Legacy of the Last Revolutionary War Survivor Lives On
Most drivers streaming down Route 77 on their way south from Cleveland do so ignorant of the humble grave that sits just miles off the highway. Just south of Belle Valley in Noble County is the final resting place of the last surviving soldier of the Revolutionary War, John Gray.
Gray was 104 when he died on March 29, 1868. “George Washington was the first soldier of the revolution; John Gray was the last soldier of the revolution,” a contemporary newspaper obituary said at the time.
It was not the only connection Gray had with the nation’s patriarch: he served under Washington during the war.
Today, Noble is working to ensure that the memories of Gray and other famous residents live on.
“It’s very important because it is part of our history,” said Joy Flood, manager of the Historic Jail Museum and Information Center in Caldwell. “We feel privileged to have people like this among our historical figures. It’s our responsibility to make sure that this information is available and the historical sites are available for anyone who has the desire to come visit them.”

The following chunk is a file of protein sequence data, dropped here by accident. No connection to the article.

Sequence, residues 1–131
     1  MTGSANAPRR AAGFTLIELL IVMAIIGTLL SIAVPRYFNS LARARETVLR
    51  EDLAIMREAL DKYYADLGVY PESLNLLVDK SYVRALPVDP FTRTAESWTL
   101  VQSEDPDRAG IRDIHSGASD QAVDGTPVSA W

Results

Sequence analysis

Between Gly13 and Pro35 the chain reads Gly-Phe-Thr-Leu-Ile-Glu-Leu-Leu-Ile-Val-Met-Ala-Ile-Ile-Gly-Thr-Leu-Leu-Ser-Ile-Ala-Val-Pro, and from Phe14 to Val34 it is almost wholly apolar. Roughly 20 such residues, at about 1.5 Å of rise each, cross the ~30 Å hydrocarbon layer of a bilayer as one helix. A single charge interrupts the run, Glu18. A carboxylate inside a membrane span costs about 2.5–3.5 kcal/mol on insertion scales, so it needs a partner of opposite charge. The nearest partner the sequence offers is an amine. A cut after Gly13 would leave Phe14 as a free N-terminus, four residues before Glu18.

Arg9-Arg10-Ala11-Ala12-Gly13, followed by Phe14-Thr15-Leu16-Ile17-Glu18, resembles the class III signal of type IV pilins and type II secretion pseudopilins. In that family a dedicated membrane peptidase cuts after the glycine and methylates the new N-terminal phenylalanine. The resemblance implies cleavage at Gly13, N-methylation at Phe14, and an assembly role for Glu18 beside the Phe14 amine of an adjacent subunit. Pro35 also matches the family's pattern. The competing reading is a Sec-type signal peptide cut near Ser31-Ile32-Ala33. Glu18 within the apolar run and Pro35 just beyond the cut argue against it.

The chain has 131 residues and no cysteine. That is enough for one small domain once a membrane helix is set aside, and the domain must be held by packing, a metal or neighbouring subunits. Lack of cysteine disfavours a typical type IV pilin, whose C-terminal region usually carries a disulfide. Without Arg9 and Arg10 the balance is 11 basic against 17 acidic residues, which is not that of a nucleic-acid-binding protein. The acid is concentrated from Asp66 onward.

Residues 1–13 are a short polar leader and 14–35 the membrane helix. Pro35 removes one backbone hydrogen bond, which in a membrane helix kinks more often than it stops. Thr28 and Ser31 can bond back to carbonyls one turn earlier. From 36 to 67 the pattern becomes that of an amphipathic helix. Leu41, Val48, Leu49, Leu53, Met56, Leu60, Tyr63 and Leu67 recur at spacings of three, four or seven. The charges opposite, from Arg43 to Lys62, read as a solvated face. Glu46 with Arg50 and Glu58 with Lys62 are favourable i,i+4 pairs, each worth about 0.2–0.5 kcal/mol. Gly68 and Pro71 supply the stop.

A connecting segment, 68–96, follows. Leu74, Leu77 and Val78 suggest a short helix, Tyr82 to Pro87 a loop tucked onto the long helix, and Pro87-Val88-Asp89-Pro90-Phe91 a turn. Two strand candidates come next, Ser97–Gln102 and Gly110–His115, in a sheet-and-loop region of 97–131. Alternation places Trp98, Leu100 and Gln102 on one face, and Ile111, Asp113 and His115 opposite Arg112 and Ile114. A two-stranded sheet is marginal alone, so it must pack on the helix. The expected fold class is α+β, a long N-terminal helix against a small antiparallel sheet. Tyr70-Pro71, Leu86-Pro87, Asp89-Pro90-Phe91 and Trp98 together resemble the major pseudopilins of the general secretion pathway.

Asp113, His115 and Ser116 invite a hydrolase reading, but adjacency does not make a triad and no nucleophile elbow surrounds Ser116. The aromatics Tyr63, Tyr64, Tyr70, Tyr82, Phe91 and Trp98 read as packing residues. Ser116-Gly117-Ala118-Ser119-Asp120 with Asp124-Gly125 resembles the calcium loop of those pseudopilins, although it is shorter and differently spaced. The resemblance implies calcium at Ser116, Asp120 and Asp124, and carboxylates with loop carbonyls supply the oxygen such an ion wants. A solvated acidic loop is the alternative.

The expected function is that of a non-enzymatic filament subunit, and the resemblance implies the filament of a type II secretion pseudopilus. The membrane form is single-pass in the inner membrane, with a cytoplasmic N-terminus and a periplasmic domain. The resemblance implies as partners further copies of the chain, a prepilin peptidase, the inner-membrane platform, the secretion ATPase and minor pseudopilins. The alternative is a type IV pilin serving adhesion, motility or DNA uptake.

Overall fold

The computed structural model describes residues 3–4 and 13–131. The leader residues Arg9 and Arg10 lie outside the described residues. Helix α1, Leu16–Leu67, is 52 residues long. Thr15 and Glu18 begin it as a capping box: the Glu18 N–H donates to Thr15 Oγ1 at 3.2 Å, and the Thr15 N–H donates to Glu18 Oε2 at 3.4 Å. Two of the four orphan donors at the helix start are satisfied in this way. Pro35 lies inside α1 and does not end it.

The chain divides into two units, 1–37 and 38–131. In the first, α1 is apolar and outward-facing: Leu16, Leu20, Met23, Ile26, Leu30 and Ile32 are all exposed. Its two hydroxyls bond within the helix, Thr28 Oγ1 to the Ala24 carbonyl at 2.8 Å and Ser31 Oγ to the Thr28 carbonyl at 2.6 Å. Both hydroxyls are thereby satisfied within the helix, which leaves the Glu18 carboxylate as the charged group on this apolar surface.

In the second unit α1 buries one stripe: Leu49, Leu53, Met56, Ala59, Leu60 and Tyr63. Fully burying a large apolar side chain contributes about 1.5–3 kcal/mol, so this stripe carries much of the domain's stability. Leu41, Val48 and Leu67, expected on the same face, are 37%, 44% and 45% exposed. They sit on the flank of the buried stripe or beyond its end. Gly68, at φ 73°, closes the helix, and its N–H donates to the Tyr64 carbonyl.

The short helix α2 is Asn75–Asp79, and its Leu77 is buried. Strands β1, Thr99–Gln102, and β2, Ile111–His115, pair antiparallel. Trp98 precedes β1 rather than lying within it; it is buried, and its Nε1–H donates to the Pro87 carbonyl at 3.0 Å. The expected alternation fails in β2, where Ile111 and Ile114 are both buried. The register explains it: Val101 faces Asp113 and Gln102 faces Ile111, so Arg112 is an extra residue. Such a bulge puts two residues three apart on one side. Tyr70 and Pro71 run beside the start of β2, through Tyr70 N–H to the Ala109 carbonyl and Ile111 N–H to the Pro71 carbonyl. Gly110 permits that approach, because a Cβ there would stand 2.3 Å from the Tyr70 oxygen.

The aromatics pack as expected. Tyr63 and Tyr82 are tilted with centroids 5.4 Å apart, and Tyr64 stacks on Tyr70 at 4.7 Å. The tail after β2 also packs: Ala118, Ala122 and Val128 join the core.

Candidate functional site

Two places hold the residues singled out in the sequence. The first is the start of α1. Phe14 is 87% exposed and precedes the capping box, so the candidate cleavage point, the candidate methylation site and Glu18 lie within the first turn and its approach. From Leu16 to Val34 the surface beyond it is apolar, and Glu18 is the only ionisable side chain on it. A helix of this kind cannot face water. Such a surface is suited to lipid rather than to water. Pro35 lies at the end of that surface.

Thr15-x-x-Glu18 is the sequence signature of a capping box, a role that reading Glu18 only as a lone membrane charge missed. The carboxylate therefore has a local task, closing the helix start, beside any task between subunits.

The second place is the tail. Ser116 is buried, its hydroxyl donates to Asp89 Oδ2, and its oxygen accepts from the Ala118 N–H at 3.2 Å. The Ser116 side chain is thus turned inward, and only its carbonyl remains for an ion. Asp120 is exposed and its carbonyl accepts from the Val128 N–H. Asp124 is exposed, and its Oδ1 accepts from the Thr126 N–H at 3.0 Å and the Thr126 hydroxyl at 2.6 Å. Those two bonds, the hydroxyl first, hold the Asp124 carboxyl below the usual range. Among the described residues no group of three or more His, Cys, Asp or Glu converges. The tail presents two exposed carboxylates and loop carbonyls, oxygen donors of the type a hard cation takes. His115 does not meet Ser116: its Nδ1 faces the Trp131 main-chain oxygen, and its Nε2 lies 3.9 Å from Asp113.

The fruits of this responsibility can be seen all over the region. Apart from the well-kept gravesite, there are a handful of other monuments to Gray scattered throughout the area, including a life-size painting on the third floor of Noble’s historic 1934 courthouse.
“We’ve been promoting John Gray and celebrating his role in the Revolutionary War for quite a long time,” Joy said.
It is a legacy worth remembering and one particularly fitting for the area. Gray was a man without many worldly means, but he gave his all for a cause that he believed in. He may not have played the biggest role in the war effort, but the understated poetry of his sacrifices strike a powerful cord in Noble County.
The memory of John Gray is passed down for generations, and through the efforts of Joy and those like her, it is a story that will never be forgotten.